Voices from Russia

Friday, 21 June 2013

Domestic Violence Finally on Russia’s Agenda

00 domestic-violence. 21.06.13


The latest statistics are depressing, to say the least. According to Rosstat, the Federal Statistics Service, one in five Russian women is violently abused by her partner. Following the publication of this data, the natural response would be to proclaim it a social ill impossible to solve. The response would entail throwing up your hands and shrugging your shoulders. Yet, for the first time since the fall of the USSR, Russian lawmakers are beginning to get serious about the problem of domestic violence in the country. Now, the RF Gosduma is set to consider a bill that would finally see domestic violence specifically defined in the RF Criminal Code. Talk to any Russian cop at length, and you’d see how much this is needed.

A senior police official in Moscow told me just a few months ago, “Until domestic violence is classified as a specific crime, our hands are often tied. This is especially true when a victim comes from a poorer background and can’t simply move away from her abuser”. The age-old apartment question is felt by domestic violence victims most keenly. Often lacking the necessary resources to move away, they’re forced to continue to cohabit with their abusers. However, the new bill would make the abuser legally-responsible for the victim’s rent… this is beside the additional legal responsibilities toward children. Naturally, it remains to be seen if this bill passes. Even for bills that are passed, the question of how enforceable any particular law is continues to loom large… particularly in a country such as Russia. Even so, the mere fact that this legislation is now being considered at the highest levels is proof of how far Russian society has come. It’s proof of the fact that people are beginning to grow just a tiny bit sick of the screams coming from their next-door-neighbours’ apartments.

Even the Orthodox Church acknowledges the fact that domestic violence is a problem. Naturally, there’s plenty of disagreement within individual parishes. Having been in contact with many priests throughout my lifetime, I know that attitudes toward abuse can vary wildly within the institution of the Church. Although 19th century Orthodox figures spoke out against domestic violence, the idea that some people, women in particular, “deserve” this kind of treatment has remained. Today, the state is counting on the Church to help provide temporary shelters for the victims of domestic violence. It remains to be seen if such a scheme will work out… but if it does, it can only be a good thing. The truth is, the best of the Orthodox clergy, the most learned and the most compassionate amongst the priests, are firmly against the normalisation of abuse. Most of them know exactly how horrific abuse is… and how it contributes to the fraying of the social fabric (the fact that children who have witnessed abuse in the home frequently turn into criminals isn’t lost on these people, for example).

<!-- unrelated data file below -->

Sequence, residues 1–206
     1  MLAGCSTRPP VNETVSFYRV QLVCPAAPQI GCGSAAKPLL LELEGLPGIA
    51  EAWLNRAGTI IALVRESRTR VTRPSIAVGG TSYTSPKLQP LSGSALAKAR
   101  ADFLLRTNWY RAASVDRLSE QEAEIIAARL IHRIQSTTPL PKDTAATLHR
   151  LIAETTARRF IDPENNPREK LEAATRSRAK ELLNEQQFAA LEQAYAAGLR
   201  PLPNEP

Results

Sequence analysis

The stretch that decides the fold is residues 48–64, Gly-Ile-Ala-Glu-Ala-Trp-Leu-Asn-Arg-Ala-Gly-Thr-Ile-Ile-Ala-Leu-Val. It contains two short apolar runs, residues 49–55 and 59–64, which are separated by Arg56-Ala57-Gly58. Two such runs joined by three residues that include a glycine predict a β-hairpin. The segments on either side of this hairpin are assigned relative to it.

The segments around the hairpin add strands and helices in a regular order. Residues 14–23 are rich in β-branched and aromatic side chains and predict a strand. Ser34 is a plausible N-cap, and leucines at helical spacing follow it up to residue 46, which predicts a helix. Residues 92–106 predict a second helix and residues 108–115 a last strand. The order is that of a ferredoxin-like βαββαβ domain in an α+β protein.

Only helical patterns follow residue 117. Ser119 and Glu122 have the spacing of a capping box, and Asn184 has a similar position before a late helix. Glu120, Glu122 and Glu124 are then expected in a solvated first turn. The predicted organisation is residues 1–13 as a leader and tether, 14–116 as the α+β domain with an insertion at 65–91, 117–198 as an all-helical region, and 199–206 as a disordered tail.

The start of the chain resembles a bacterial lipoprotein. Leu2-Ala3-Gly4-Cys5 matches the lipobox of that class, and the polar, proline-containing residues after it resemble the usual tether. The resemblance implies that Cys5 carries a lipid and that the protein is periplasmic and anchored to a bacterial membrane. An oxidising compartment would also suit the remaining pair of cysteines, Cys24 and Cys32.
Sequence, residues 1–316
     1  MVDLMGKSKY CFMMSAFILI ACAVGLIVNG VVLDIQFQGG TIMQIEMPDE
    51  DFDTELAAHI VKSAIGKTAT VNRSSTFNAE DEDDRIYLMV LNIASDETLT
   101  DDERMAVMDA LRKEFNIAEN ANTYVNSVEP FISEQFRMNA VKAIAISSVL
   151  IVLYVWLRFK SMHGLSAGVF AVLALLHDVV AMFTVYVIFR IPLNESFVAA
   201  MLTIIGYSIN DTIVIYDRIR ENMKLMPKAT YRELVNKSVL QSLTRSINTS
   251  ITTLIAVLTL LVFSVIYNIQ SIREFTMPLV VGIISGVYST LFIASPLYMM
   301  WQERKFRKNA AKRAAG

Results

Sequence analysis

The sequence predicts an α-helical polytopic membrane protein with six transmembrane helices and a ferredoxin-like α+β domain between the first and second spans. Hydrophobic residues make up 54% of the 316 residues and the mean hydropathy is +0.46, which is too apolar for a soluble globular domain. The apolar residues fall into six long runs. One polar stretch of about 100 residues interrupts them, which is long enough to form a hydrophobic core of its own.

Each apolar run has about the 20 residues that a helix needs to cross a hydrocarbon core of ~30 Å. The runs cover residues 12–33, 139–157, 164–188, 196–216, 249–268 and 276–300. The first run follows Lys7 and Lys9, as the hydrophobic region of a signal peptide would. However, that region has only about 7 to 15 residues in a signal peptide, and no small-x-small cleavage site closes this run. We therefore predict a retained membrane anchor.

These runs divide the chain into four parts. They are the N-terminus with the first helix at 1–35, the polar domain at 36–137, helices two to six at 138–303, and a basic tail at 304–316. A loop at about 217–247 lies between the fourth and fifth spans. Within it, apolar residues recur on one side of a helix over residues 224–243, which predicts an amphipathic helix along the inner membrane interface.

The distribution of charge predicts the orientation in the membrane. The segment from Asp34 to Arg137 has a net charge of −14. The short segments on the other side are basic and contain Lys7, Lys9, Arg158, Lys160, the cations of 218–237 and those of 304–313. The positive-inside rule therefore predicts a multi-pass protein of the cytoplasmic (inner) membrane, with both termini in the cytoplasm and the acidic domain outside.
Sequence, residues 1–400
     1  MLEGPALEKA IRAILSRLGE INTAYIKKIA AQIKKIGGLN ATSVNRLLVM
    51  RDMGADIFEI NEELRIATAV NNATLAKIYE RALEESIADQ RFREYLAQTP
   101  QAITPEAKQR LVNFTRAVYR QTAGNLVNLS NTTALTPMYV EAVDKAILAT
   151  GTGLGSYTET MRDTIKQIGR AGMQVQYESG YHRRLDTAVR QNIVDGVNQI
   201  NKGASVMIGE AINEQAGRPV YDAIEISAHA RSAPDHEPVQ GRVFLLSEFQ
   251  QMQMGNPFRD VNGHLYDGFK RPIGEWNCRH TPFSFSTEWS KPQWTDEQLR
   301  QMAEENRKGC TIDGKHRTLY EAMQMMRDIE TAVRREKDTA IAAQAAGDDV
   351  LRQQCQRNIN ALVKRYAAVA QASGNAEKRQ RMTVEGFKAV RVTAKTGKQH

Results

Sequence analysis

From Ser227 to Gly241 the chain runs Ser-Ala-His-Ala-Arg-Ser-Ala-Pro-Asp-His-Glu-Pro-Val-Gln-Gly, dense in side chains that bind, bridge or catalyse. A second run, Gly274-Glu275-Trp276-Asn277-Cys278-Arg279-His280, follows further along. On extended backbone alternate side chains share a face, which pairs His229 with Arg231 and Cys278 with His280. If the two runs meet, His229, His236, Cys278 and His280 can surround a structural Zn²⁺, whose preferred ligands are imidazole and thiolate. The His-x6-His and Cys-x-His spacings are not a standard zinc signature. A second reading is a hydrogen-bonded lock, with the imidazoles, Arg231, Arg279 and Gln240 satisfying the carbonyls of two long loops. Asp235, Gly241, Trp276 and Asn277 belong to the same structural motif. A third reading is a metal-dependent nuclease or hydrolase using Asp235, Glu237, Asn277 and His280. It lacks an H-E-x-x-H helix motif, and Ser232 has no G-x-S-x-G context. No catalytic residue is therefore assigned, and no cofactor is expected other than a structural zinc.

It’ll take a whole lot more than laws to change society’s mind about domestic violence, of course. Still, most social revolutions start with exactly these kinds of bills… bills that stir controversy and finally get people talking about some of the most difficult topics imaginable. For thousands of abuse victims, it’s already too late… and it’s hard to keep from growing embittered by this fact. Many others, including women, are so thoroughly entrenched in the culture of daily brutality that they completely reject any notion of legal recourse for the victims. It’s impossible to take comfort in any of this. In spite of this, it’s still possible to “rage against the dying of the light”. How many deaths will it take? Plenty of Russians, including high-placed members of government, have had enough.

3 June 2013

Natalia Antonova



Editor’s Note:

All too often, we’ve been “quiet” on the topic of abuse… be it domestic violence or paedophilia. This is especially marked in “conservative” circles, particularly when the abuser is a clergyman (it’s worst in the woolier segments of the ROCOR amongst us, but “the others” aren’t far behind, sadly enough). It’s one of the reasons that I oppose the rightwing and their social notions so bitterly… they tend to wink at abuse and excuse the abusers. That’s nasty and ungodly… let’s call it what it is. However, if you stand for what’s right, the goodthinkers and the hyperclericalists will vilify you. It’s our choice… we can uphold what’s right and true… or, we can “enable” the abusers. There’s no other choice on offer. There’s no “neutrality” in this war…



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